AM & Shawn Lee, Celestial Electric, Eighteenth Street Lounge

Every once in a while a record comes along that I don't like at first, but something compels me to listen again, and by the second time through: I'm hooked. That was the case with AM & Shawn Lee's Celestial Electric, which arrived one day from out of the blue (and that ELO allusion isn't totally unwarranted).

I had never heard of Los Angeles vocalist/keyboard player AM or London beat-maker/Psapp associate Shawn Lee before I put on their CD, which I found too light and breezy for my taste, like Seals & Croft gone electronica. Then I got to their cover of "Jackie Blue," one-hit wonder from the Ozark Mountain Daredevils.

"Jackie" isn't exactly a great song, but this version stopped me in my tracks: I loved it, I hated it, and I had to hear it again. By then it was too late, as I had fallen for the twosome's tropicalia-infused version of dance-pop.

The second it began, I recognized the melody, despite the prominent fuzz bass, because I grew up with that damn song and other forms of "Have a Nice Day" music. To their credit, they don't wrap it in layers of irony or bury it in effects; they just add texture and urgency, creating something more timeless than dated.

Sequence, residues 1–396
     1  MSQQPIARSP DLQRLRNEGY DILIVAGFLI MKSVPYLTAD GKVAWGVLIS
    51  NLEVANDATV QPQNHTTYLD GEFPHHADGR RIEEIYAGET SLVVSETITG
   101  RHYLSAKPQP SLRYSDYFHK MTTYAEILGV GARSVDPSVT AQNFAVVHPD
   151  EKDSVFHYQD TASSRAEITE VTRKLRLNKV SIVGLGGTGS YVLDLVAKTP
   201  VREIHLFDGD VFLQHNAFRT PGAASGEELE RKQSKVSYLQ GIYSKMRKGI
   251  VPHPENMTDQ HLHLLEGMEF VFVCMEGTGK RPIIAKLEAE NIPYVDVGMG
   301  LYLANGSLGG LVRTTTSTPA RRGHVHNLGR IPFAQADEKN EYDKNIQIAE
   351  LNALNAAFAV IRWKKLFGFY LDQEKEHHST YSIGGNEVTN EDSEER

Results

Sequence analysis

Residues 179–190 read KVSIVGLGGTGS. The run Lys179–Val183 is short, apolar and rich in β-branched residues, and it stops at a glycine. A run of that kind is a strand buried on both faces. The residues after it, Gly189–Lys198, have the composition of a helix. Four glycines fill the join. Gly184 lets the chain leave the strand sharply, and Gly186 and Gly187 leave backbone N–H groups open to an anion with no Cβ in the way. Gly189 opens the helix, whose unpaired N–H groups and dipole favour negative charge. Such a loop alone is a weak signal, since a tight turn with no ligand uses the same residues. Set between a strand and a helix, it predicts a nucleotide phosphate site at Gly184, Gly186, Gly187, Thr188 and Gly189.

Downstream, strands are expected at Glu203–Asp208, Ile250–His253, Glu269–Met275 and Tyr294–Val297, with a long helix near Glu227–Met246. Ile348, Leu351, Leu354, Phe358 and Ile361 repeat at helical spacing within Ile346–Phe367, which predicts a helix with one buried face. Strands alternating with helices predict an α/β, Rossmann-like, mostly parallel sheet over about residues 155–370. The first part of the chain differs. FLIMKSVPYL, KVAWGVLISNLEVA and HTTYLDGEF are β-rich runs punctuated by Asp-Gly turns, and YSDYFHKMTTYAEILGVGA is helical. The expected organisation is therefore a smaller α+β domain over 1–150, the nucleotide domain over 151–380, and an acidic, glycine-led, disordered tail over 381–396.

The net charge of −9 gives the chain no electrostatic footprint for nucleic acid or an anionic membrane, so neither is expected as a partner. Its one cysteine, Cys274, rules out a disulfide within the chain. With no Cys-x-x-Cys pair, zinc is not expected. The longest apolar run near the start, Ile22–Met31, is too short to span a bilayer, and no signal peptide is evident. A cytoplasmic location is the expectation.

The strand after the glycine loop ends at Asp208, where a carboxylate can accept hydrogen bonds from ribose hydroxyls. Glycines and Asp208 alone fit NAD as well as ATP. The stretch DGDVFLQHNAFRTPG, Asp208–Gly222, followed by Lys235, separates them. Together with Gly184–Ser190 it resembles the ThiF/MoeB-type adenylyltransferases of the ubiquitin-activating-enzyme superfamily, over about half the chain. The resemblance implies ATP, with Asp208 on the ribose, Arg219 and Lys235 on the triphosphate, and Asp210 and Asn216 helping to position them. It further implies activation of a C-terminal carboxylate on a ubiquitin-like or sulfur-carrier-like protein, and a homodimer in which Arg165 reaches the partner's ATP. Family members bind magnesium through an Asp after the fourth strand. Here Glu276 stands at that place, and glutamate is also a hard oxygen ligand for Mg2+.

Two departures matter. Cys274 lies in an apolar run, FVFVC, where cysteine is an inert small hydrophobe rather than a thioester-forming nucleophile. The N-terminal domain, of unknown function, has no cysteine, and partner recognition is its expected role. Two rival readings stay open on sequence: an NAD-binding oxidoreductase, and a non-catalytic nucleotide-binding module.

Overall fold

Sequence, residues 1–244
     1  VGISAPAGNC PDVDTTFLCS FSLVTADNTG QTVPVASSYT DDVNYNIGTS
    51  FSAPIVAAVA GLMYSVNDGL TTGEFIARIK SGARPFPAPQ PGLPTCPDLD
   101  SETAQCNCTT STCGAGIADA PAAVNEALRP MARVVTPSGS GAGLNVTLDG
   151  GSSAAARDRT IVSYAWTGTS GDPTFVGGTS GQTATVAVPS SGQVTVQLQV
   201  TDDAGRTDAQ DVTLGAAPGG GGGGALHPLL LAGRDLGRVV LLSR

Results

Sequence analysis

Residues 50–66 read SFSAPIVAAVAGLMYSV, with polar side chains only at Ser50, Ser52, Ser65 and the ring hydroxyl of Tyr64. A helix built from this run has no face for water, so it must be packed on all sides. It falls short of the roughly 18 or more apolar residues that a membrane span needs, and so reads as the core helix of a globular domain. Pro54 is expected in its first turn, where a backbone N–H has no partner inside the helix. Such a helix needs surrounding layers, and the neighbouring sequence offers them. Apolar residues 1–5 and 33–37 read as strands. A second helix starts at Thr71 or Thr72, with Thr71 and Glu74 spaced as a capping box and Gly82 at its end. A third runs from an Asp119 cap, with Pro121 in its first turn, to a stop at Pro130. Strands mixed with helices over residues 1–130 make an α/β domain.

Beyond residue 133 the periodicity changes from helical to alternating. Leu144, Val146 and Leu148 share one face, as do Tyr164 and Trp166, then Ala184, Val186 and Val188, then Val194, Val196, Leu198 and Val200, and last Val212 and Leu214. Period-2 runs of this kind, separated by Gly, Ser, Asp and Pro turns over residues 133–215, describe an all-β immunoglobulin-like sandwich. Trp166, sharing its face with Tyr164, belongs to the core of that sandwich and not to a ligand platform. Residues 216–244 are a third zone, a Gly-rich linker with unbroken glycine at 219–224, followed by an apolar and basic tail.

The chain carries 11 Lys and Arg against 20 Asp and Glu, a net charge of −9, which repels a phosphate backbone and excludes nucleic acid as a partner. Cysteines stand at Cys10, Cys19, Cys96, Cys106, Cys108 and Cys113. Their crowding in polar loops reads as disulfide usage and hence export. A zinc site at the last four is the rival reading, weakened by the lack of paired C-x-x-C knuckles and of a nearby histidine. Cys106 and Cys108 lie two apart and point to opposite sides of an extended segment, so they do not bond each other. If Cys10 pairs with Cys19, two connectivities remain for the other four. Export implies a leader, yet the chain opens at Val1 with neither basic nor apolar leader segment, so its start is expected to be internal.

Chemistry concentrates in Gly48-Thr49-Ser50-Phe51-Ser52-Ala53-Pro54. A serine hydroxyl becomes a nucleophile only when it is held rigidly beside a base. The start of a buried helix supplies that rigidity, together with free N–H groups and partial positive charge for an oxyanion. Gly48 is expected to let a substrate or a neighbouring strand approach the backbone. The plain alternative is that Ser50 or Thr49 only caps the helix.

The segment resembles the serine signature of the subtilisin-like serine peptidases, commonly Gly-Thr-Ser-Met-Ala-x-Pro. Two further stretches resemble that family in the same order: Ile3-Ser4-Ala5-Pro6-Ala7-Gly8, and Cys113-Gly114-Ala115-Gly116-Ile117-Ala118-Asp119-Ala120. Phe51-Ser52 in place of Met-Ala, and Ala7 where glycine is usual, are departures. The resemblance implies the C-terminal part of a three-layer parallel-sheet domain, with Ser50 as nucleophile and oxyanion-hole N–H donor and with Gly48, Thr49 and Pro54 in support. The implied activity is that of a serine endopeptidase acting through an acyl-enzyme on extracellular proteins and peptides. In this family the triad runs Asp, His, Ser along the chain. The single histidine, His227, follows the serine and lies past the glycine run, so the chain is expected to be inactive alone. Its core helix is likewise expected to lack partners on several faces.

So, I came around, but "Dark into Light," which aligns AM's airy falsetto with rumbling Tubeway Army-style synths, is an even better choice for the first single as it's a stronger track and more representative of the album as whole.

The B-side, "Spin It Around," isn't bad either (you can listen to both here). Before signing to Thievery Corporation's ESL imprint, AM and Lee released the original gold-vinyl 12-inch on Ubiquity in conjunction with April's Record Store Day.

Having listened several times since, it's hard to see how their first full-length could've rubbed me the wrong way, not when it recalls so many acts I enjoy, like Kraftwerk, the Beta Band, Air, Phoenix, and Juana Molina, though it's not as if my first impression was incorrect. Celestial Electric is light and breezy, but AM's Eric Carmen-like voice grew on me as surely as Lee's slinky, seductive grooves.

This soggy summer has already offered up some fantastic releases, from Black Up to Goodbye Bread, but this one sounds the most like a sunny day in São Paulo.

The record releases on Tuesday, 9/13. That day, AM & Shawn Lee play live on KEXP at 9:30am. That night, they headline at the Sunset Tavern (9:30pm, 21+).